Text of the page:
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Midland Awards | Galileo's Middle Finger, Brain Ghosts & Stonewall

The Society of Midland Authors will present its annual awards May 10 in Chicago, honoring its choices for the best books by Midwest authors published in 2015:


WINNER: Alice Dreger, Galileo's Middle Finger: Heretics, Activists, and One Scholar's Search for Justice, Penguin Press. (Author lives in the Chicago area.)

From the New York Times:

"Soon enough," Alice Dreger writes at the beginning of her romp of a book, "I will get to the death threats, the sex charges, the alleged genocides, the epidemics, the alien abductees, the anti-lesbian drug, the unethical ethicists, the fight with Martina Navratilova and, of course, Galileo's middle finger. But first I have to tell you a little bit about how I got into this mess."

As is so often the case, what got ­Dreger into trouble was sex. A historian of science and medicine, she criticized a group of transgender activists who had attacked a sex researcher for his findings on why some people want to change gender. Having hounded the researcher mercilessly, the activists attacked Dreger too. The bad news is that this was hard on ­Dreger. (More on that momentarily. For now, I'll just note they called her son a "womb turd.") The good news is that from this mess emerged not only a sharp, disruptive scholar but this smart, delightful book.

Galileo's Middle Finger is many things: a rant, a manifesto, a treasury of evocative new terms (sissyphobia, autogynephilia, phall-o-meter) and an account of the author's transformation "from an activist going after establishment scientists into an aide-de-camp to scientists who found themselves the target of activists like me" - and back again.

Here's Dreger at the Wisconsin Center for the Advancement of Post-Secondary Education last month:



* Clark Elliott, The Ghost in My Brain: How a Concussion Stole My Life and How the New Science of Brain Plasticity Helped Me Get it Back, Viking. (Author lives in the Chicago area.)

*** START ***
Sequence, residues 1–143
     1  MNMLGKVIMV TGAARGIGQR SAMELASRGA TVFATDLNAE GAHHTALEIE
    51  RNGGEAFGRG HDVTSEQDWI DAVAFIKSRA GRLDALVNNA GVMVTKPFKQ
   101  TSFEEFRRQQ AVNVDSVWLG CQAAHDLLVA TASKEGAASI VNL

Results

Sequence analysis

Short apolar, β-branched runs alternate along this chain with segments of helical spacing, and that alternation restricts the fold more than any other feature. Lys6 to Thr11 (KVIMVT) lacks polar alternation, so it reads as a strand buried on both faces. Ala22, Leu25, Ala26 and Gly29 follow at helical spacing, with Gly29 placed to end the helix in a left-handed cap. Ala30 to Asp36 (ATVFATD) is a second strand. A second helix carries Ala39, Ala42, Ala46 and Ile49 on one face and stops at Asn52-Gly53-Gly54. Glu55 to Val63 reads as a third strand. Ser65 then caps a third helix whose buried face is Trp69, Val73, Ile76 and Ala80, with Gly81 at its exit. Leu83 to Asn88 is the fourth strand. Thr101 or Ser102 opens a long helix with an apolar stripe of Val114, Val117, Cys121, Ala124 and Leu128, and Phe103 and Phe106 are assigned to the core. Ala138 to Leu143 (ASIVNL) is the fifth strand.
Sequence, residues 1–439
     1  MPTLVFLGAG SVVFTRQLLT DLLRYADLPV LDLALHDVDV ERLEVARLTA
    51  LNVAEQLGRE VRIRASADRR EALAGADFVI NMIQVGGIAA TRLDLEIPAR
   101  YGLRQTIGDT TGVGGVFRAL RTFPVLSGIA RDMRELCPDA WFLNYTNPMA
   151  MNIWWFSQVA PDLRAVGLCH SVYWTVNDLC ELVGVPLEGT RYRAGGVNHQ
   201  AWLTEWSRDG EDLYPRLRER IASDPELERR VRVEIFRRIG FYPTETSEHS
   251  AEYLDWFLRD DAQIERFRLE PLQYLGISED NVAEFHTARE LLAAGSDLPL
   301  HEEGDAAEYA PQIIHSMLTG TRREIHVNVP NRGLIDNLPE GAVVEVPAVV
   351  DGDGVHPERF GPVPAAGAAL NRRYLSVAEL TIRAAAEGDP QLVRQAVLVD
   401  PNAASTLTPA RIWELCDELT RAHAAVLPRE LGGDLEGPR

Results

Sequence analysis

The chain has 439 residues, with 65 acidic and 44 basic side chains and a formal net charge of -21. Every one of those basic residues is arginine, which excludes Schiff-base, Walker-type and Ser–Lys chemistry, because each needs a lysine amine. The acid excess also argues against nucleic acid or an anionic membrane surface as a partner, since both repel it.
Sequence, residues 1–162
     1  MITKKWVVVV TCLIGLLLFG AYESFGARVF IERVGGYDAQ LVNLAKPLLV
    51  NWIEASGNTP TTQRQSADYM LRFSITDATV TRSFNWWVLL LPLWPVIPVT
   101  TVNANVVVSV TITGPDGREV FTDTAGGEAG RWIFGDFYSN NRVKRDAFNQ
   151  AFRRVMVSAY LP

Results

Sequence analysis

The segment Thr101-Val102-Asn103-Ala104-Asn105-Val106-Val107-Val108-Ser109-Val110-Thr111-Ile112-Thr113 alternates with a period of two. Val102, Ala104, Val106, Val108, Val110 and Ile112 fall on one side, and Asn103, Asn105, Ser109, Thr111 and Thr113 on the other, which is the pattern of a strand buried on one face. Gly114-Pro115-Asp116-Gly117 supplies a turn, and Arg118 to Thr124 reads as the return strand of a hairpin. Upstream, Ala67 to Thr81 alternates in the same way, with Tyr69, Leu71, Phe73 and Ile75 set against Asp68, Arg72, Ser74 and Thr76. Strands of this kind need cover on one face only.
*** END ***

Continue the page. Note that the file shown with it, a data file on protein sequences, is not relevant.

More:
From Chicago Tonight last July:

"In 1999, a car accident left DePaul University professor Clark Elliott concussed. As a leading scientist in the field of artificial intelligence he was intrigued by the impact on his brain and kept meticulous notes documenting the effects of his traumatic brain injury. Those notes became the basis for his new book, The Ghost In My Brain: How a Concussion Stole My Life and How the New Science of Brain Plasticity Helped Me Get It Back. Elliott joins us to discuss his long journey to recover brain function and his sense of self."


* Kathryn J. Edin and H. Luke Shaefer, $2.00 a Day: Living on Almost Nothing in America, Houghton Mifflin Harcourt. (Shaefer lives in Michigan; Edin lives in the Baltimore area.)

From the PBS NewsHour in December:

"In their new book, "$2.00 a Day: Living on Almost Nothing in America, academics Kathryn J. Edin and H. Luke Shaefer reveal that there are nearly 1.5 million American households with practically no cash income.

"That figure has been on the rise, nearly doubling since 1996 - the same year that a major welfare reform bill was passed. Under the new rules, cash benefits known as welfare were paired with strict work or training requirements.

"The policy goal was to decrease people's dependence on government help and that work would then be supplemented if necessary. The reforms successfully encouraged many people to join the workforce. But those unable to find work found themselves falling without a safety net."


* Jeremy Smith, Epic Measures: One Doctor. Seven Billion Patients, Harper Wave. (Author was born and raised in Evanston and now lives in Missoula, Montana.)

From the New York Times last April:

"In a new book, Epic Measures: One Doctor, Seven Billion Patients, the journalist Jeremy N. Smith profiles the Global Burden of Disease report and the impatient genius behind it. The doctor is Christopher Murray. In 1973, Murray's parents, a cardiologist and a microbiologist, shipped a generator, cardiograph machine, microscope and two weeks' worth of medical supplies from Minnesota to England, bought two Land Rovers, and ferried and drove to Niger, crossing the Sahara roadless and alone with their three children. There they ran a hospital for a year by themselves. Later, the family would go back to Africa every summer to run medical clinics.